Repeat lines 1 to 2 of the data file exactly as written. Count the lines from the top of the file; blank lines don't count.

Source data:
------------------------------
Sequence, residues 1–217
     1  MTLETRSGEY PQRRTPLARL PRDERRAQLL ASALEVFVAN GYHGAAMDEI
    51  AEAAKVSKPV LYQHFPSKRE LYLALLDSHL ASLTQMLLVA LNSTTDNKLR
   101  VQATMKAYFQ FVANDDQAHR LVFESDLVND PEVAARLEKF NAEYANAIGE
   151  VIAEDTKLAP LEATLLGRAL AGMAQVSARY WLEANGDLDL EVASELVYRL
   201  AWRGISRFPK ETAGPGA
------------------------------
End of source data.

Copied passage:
Sequence, residues 1–217
     1  MTLETRSGEY PQRRTPLARL PRDERRAQLL ASALEVFVAN GYHGAAMDEI